Those opposed to forced switches have argued that FDA can only authorize a switch over the NDA sponsor’s objections following a formal, trial-like administrative process known as an adjudication, and that FDA lacks the authority to force an Rx-to-OTC switch through rulemaking. (The distinction between rulemaking and adjudication is based on the nature of the decision facing an agency. Actions pursuant to generalized facts do not require an individual hearing and can be taken according to procedures applicable to rulemaking – either formal rulemaking, informal notice-and-comment rulemaking, or the rarely used negotiated rulemaking. Actions pursuant to individualized facts require some level of hearing and are classified as an adjudication.) Moreover, forced switch opponents have argued, among other things, that even if rulemaking is appropriate, FDA cannot use informal notice-and-comment rulemaking, but instead must use formal, hearing-based rulemaking.
Forced switch proponents have argued, among other things, that the FDC Act expressly authorizes FDA to force a switch following rulemaking – not adjudication – and that FDA is free to undertake any type of rulemaking the Agency deems appropriate, such as informal notice-and-comment rulemaking.
Over the past decade, FDA has been asked on at least three separate occasions to make a forced switch. First, in July 1998, WellPoint (Blue Cross of California) submitted a citizen petition to FDA (Docket No. FDA-1998-P-0254) requesting that the Agency convert from Rx to OTC status several antihistamine drugs. (The WellPoint petition was the subject of a joint meeting of the Nonprescription Drugs Advisory Committee & the Pulmonary – Allergy Drugs Advisory Committee in May 2001.) Second, in March 2007, FDA was petitioned (Docket No. FDA-2007-P-0056) to force a switch of fexofenadine HCl and cetirizine HCl. FDA has not substantively responded to either petition.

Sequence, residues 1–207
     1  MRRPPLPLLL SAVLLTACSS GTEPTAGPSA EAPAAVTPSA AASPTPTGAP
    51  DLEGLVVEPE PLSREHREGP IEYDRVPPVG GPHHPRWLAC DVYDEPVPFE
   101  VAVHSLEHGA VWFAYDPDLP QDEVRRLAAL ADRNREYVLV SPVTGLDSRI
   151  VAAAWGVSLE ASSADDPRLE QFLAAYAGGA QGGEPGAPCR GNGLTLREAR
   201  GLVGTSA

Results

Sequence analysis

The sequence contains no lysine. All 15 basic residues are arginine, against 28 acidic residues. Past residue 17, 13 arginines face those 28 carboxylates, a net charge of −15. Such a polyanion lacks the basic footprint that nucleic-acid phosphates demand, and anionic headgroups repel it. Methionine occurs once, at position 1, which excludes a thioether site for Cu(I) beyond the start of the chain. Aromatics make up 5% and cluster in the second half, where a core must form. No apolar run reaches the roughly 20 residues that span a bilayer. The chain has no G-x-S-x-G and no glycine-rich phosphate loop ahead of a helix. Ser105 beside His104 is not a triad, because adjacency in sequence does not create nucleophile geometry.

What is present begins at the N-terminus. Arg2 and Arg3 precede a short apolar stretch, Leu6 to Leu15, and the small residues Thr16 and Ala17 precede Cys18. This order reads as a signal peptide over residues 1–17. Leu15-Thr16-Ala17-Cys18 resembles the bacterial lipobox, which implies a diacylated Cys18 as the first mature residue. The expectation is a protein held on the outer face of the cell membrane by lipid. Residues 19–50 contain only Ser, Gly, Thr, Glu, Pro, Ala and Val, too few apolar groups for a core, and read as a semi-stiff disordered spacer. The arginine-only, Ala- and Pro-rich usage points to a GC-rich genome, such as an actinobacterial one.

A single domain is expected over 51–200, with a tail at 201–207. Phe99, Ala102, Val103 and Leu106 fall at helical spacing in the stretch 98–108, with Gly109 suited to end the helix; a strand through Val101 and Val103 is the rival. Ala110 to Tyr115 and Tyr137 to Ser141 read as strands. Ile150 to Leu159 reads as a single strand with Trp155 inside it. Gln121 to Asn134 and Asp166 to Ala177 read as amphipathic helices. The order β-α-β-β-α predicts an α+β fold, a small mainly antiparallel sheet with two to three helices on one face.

Finally, in February 2001, the Center for Reproductive Rights petitioned FDA (Docket No. FDA-2001-P-0123) to force a switch of PLAN B (levonorgestrel) Tablets. FDA denied the petition in June 2006 “because it did not contain sufficient data to satisfy the statutory and regulatory requirements for an Rx-only to OTC switch for Plan B.” Moreover, given the then-pending NDA supplement for OTC PLAN B, FDA refused to allow the petition to “circumvent the [NDA supplement] process to which the sponsor of the drug is entitled.” Importantly, however, FDA noted in its response that:
Although your petition does not explicitly state that you are requesting FDA initiate notice-and-comment rulemaking, the Act . . . authorizes only two mechanisms for FDA to make an Rx to OTC switch: [informal] notice-and-comment rulemaking and approval of a drug application . . . . You are not yourselves applicants for drug approval, and you are not permitted to submit a supplement to another company’s application. 21 CFR 314.71(a). Accordingly, your petition can only be construed as a request that we initiate notice-and-comment rulemaking proceedings pursuant to which a rule would be promulgated allowing Plan B and other emergency contraceptives to be made available OTC. [(emphasis added)]
In other words, FDA in its petition decision appears to have determined that informal notice-and-comment rulemaking is the appropriate route to effect a forced switch over an NDA sponsor’s objections, and that administrative adjudication is not necessary.